FAQ: Framing The Issue: Did the Machine Perform Flawlessly?

(Note: I have benefited from reading and contemplating the concept of framing issues from the linguist George ‘Don’t Think of an Elephant’ Lakoff founder of Rockridge Institute and cultural anthropologist Jeffrey Feldman, founder of the frameshop. While contemplating press reports on the recent election in a moment of sudden inspiration, I realized everyone has been asking and answering the wrong question – incorrectly framing the issues and our concerns with electronic voting. Here is my meager attempt changing the frame and starting toward more accurate understanding.)

We are asking the wrong questions when we ask if the audits proved that the “Machines Performed Flawlessly” or if the “Machines Incorrectly Counted The Votes”. We are using a misleading frame.

We often refer to voting machines as if they were the actors responsible for our elections. We have heard the Secretary of the State say that the machines performed “accurately”, “well” or “very well”. Newspapers have said that a “machine error nearly cost [an election]”. I plead guilty, having made similar statements such as “If the machines regularly fail to accurately count votes”.

Machines are not responsible for our elections – people are. Machines are not responsible for how they count votes – people are. Machines are not responsible for the results – people are.

What difference does this make? When we hear that the “machines performed perfectly” we know that it stands for a whole group of statements: The machines had no hardware problems, the programming of the machines and the memory cards were both accurate. The pre-election testing must have verified this. The municipality transmitted correct information to LHS and the ballot printer. LHS and the ballot printer did their job correctly, or any errors found were corrected by vigilant election officials…

Yet, the frame we use “machine as responsible actor” sets a paradigm of the machine as the cause of the success or cause the of the problems. Perhaps also reflecting on the person selecting the machine. But when there are problems we can either blame the machine or blame the people – the machine as actor provides a convenient scapegoat. On the other hand we can use the same frame to blame people and deflect responsibility from the machine as in “the machine performed perfectly but the voters did not fill out their ballots correctly”.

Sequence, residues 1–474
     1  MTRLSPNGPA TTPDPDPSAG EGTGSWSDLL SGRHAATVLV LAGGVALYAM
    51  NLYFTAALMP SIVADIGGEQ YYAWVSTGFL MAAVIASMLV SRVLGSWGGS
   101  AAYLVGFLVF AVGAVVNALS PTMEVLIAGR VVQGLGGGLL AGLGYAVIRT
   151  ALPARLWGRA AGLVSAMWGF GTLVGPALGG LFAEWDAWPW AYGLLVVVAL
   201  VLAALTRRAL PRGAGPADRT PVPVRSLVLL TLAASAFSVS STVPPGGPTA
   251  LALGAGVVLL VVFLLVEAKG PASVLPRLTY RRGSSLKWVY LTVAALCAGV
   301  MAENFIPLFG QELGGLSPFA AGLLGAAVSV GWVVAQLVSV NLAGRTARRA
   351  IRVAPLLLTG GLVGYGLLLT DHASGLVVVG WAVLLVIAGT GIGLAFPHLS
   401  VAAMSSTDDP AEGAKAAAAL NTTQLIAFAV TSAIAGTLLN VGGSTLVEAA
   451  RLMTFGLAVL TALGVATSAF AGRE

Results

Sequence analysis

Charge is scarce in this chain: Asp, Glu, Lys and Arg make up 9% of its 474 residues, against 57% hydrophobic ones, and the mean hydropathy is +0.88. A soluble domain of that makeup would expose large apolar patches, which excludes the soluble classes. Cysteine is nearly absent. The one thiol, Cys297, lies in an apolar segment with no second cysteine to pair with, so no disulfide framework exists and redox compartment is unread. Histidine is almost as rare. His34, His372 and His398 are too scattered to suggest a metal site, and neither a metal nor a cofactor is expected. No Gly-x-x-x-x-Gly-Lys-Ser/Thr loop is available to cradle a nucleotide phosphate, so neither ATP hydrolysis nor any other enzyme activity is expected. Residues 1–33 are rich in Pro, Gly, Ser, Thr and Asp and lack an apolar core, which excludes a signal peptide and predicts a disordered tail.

Alternate frames set the tone for a more comprehensive understanding of the situation. Let me suggest a frame of “the machine as the tool”, designed, built, programmed, secured and operated by people; one part of the whole system of machine, people and procedures:

We can say “The people and the system performed perfectly”, “The vendors, procedures, and the voting officials performed well”, “There were machine breakdowns yet the system, people, and procedures responded as intended”. “Election officials nearly cost the election when they failed to follow procedures after a machine breakdown”. “The Secretary of the State’s Office nearly cost an election when their procedures failed to adequately cover the situation where…”, or “The Legislature prevented an election disaster in yesterday’s election, having passed a law two years ago that…”

Lets end with some analogies. I doubt we would say that “the marking pens performed flawlessly”, “the marking pens almost cost an election when they ran out of ink”, “the roof cost an election when rain seeped into the vault holding the absentee ballots”, or “the voters cost an election when they could not get to the new polling place because of the road construction and detour”. Or maybe we would, this is Connecticut where the state argued that the collapse of the Mianus River Bridge did not cause people to die, they died from drowning after their cars fell into the river. We should not blame the Bridge for collapsing any more that we should blame I-84 for not draining or Avon Mountain for not keeping trucks from crashing.

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